The heart of our work, often enough, leans on the connections and capacity of the heart.

In this conversation with Ross Rosen we explore the importance of the patient-practitioner relationship, the concept of negotiating a diagnosis and some Daoist practices in medicine.

Listen into this discussion on practical clinical strategies and how traditional medicine intertwines and overlaps with our everyday lives.

In This Conversation We Discuss:

  • Balancing medical discussions within and outside of work hours
  • The role of contemplative practices in Chinese medicine
  • The concept of negotiation in diagnoses with patients
  • Incorporation of talismans, incantations, and rituals in Taoist medicine
  • The transformative effects of acupuncture in personal growth
  • Understanding ‘thunder' as a tool in healing and evolution, especially its relation to the Gallbladder
  • Practical strategies for healing including maintaining fluid balance, waste removal and invigorating blood flow
  • How traditional medicine intertwines and overlaps with our everyday lives

One of the most important aspects is to never overlook that the diagnostic process is part and parcel of treatment. They really cannot be separated. There are a couple aspects to this: 

First, is that delving into the depths of our patients histories, suffering, and chief complaints, touching their wrists while taking pulses, etc. is instrumental in creating resonance and intimacy in the patient-practitioner relationship. This opens a portal to initiating a healing response. 

Second, is that narrating back a story to the patient helps in providing a deep awareness of patterns, triggers, and habitual behaviors and ways of thinking, giving the patient openings for breaking through potentially destructive cycles, and choosing more health-affirming paths

Ross Rosen is a licensed practitioner of acupuncture and Chinese medicine. He is a direct lineage holder and senior certified instructor of Shen-Hammer Pulse Diagnosis, and a long-term student of Dr. Leon Hammer and Jeffrey Yuen. He is the founder of the Center for Acupuncture and Herbal Medicine in Plainfield, NJ. 

Ross is the author of the text, Heart Shock: Diagnosis and Treatment of Trauma with Shen-Hammer and Classical Chinese Medicine.  He is also an ordained Daoist Priest in the Quanzhen, Longmen tradition  (23rd and 25th generations) as well as the Maoshan lineage.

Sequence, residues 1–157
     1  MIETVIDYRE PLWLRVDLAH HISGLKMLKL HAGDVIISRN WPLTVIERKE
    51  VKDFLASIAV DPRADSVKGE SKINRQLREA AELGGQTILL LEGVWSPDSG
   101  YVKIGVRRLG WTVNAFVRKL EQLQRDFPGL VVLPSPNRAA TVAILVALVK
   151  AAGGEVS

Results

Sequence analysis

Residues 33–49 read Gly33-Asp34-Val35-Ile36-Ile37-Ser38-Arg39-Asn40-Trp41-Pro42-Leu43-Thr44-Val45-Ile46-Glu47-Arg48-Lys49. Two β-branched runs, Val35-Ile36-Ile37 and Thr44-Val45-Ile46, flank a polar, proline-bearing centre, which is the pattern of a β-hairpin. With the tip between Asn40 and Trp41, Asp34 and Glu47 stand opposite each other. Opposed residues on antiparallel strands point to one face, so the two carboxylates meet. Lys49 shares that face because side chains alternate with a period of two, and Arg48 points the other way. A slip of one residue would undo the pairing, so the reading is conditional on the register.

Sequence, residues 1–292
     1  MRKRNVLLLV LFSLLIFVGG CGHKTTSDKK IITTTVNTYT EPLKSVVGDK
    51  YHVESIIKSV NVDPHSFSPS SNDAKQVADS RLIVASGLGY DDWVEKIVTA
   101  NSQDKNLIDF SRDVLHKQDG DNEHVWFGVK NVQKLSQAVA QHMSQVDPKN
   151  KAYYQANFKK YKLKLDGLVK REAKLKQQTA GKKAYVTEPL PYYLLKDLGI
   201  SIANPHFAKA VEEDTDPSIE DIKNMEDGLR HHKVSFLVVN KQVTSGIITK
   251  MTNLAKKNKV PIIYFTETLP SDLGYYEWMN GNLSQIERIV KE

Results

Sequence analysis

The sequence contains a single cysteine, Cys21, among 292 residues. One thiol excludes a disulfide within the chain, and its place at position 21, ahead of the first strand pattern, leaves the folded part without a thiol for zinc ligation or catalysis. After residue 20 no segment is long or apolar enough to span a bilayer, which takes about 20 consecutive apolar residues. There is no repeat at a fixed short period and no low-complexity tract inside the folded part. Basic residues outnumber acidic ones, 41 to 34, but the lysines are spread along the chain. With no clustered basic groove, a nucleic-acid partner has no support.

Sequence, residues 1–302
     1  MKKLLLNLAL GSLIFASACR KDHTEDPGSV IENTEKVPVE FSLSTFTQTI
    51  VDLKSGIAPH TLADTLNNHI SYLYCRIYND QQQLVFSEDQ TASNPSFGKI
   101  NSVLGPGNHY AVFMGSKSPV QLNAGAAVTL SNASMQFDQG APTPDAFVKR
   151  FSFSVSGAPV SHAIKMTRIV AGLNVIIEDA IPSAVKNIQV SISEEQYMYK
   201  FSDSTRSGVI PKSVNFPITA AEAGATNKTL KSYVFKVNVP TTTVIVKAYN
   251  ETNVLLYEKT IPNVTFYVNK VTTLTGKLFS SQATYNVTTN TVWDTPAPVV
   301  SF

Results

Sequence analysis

Links and Resources

Visit Ross on his clinic or teaching websites.

Or on one of various Facebook pages on Teaching or Heart Shock

He's also on Instagram.


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Shop Talk with Edward Neal
Assessing Seasonal Tides in the Pulse


In the initial descriptions of Chinese medicine set down in the Huangdi Neijing, acupuncture was described as a traditional form of ecological surgery.

Its primary aim was to restore the natural watersheds of the body by regulating the flow of the blood circulating through these regions. These writings compare the vascular rivers of the body to rivers in nature, understanding them to be formed by the same basic forces and patterns of nature.

Similar to rivers in nature, the flow qualities of the vascular rivers display different seasonal variations or ‘tides'. We assess these seasonal tides in the pulse qualities of the major blood vessels of the body. This allows us to synchronize the bodies of our patients with the seasonal patterns of nature.


Edward Neal, MD, MSOM, is trained in both Western and Chinese medicine. He has been involved in the study and teaching of Chinese medicine for over thirty years. As part of his work, he has consulted with the World Health Organization on matters related to traditional East Asian medicine and has served as a visiting scholar at the University of San Diego Medical School.

He currently serves as the medical director for the Apricot Grove Project and is the founder and director of the School of Neijing Nature-Based Medicine.

These organizations study traditional forms of medical knowledge to discover innovative solutions to current global challenges. Further information regarding these projects and training opportunities can be found at